Supporters: Great Assets
or Your Worst Nightmare
I have not come across anybody writing or giving advice about changing jobs that has specifically addressed the people who need to support you when you’re looking for a new job. These people can be your finest supporters or your worst nightmare. They can be a tremendous asset in your looking for a job and performing well on an interview, or they can be one of the greatest hindrances you will encounter. I’ve experienced many well-meaning supporters in the form of spouses, parents, ex-spouses, relatives, friends, and acquaintances who can totally destroy an otherwise perfectly good job search process.
It is very important that you get as many of the supporters that you might have to read at least this chapter of this book. Certainly, you are going to read it; but it is especially important for those closest to you, who are going to help you in your job search, to be ready for the same roller-coaster ride that you are going to experience. What’s so treacherous about the involvement of the supporters is that they can screw up the process more than they can help, and they do it most of the time in the most well-meaning fashion.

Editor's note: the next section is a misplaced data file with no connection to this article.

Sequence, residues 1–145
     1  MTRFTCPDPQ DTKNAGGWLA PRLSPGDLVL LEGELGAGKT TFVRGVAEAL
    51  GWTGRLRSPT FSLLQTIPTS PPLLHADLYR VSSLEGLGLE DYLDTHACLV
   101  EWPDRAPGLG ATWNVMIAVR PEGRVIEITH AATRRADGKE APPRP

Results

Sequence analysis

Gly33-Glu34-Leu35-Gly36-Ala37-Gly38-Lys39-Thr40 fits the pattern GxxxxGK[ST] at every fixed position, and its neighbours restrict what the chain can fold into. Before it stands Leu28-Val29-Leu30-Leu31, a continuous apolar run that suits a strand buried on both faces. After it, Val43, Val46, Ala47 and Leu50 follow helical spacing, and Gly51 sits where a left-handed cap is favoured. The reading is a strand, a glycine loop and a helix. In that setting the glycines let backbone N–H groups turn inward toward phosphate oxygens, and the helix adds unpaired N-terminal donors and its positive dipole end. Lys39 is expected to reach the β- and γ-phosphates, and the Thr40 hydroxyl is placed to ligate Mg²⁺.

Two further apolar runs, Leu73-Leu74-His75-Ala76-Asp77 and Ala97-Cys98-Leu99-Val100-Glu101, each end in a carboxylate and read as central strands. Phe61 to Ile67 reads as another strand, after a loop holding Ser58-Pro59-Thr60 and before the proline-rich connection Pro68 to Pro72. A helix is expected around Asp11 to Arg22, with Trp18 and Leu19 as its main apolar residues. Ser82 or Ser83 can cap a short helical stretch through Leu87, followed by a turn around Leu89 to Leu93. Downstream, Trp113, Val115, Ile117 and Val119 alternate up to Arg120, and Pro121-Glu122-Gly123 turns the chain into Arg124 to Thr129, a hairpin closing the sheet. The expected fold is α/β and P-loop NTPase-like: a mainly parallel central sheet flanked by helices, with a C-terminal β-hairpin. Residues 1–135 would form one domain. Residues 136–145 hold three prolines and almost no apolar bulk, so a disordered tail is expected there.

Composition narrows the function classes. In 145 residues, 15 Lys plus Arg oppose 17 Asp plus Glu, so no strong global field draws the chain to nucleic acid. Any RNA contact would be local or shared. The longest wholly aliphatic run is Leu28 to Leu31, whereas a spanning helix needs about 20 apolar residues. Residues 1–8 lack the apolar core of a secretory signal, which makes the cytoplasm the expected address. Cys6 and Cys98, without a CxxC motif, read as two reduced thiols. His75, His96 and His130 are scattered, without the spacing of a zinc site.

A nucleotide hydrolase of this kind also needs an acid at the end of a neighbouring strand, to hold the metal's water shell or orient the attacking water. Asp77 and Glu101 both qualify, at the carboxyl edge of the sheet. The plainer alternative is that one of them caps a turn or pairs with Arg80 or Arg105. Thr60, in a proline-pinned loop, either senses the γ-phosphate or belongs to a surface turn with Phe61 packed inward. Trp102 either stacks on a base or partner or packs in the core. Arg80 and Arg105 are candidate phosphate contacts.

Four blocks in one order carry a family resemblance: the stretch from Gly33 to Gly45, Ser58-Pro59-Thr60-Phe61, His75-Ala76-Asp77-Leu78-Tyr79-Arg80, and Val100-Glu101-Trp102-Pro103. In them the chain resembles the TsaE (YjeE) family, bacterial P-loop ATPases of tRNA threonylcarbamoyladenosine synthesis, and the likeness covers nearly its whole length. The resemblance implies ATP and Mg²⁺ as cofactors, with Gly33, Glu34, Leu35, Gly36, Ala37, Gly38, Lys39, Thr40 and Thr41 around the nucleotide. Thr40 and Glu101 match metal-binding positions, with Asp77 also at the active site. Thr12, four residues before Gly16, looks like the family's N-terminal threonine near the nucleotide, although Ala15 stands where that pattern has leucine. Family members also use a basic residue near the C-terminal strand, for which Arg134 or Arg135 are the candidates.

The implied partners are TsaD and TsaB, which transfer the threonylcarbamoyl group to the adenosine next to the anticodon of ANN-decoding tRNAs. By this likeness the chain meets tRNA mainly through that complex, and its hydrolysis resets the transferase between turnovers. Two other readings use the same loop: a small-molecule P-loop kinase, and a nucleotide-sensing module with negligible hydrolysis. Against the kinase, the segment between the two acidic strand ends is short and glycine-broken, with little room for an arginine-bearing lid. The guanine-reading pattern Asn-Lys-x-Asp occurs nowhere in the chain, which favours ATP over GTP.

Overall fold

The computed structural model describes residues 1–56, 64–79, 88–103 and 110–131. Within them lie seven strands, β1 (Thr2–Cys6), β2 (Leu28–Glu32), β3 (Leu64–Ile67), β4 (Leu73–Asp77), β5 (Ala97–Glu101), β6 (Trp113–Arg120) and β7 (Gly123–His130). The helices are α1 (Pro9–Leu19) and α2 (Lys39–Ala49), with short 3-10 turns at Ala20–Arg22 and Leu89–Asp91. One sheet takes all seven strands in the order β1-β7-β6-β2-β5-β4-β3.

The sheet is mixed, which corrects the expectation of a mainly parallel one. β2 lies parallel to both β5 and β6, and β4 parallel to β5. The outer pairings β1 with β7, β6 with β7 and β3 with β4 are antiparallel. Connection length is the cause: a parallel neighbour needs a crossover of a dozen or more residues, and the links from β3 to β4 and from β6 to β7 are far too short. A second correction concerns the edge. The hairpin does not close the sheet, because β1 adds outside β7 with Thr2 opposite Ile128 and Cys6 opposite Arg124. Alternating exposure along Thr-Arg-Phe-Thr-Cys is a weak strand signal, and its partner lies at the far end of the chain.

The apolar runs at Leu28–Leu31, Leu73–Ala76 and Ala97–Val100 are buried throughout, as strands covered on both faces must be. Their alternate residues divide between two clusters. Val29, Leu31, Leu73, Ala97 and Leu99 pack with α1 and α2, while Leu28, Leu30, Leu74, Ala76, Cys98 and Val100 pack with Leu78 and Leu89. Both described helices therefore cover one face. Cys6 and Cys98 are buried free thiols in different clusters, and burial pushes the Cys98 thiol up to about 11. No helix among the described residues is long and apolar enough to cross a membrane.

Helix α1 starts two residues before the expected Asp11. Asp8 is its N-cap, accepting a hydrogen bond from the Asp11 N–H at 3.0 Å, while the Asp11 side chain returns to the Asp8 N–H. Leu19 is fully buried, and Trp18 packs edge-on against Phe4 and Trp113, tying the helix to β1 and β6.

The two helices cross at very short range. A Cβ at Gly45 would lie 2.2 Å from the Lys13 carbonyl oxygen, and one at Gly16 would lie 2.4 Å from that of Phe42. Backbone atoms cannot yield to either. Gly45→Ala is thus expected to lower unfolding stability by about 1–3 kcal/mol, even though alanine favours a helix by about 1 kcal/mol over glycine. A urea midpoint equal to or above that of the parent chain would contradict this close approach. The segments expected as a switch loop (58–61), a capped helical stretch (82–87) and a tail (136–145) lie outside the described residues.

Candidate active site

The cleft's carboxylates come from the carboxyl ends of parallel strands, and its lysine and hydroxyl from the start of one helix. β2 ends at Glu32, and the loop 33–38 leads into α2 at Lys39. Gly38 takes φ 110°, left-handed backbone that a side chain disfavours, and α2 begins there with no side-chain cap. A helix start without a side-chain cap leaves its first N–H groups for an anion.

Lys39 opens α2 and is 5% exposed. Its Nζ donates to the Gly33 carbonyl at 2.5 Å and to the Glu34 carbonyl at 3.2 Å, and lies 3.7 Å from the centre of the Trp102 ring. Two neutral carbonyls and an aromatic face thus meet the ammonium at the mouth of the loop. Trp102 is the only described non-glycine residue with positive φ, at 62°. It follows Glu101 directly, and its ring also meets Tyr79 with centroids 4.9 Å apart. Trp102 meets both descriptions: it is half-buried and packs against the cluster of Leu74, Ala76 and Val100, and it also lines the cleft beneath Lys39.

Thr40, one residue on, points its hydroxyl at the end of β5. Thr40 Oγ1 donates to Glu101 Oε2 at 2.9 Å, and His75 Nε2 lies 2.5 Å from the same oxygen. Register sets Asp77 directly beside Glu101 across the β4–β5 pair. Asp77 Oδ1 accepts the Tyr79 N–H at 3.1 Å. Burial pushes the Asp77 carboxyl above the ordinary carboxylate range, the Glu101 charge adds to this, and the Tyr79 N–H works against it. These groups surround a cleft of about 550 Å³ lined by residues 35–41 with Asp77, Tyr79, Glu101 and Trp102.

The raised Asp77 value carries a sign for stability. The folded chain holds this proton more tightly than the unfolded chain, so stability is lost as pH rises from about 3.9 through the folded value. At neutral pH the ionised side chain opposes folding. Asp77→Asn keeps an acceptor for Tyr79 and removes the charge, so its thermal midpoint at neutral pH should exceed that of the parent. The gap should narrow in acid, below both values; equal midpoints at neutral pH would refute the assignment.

If the supporters become very aware of their positive role in your job search, they will help you not only get interviews, but perform well on those interviews. One or two of your supporters should be helping you every day to prepare for interviews. They should be helping you practice your interviewing skills and answers to the questions in this book daily.
Questia, a part of Gale, Cengage Learning. www.questia.com
Publication information: Book title: Acing the Interview: How to Ask and Answer the Questions That Will Get You the Job. Contributors: Tony Beshara - Author. Publisher: AMACOM. Place of publication: New York. Publication year: 2008. Page number: 85.
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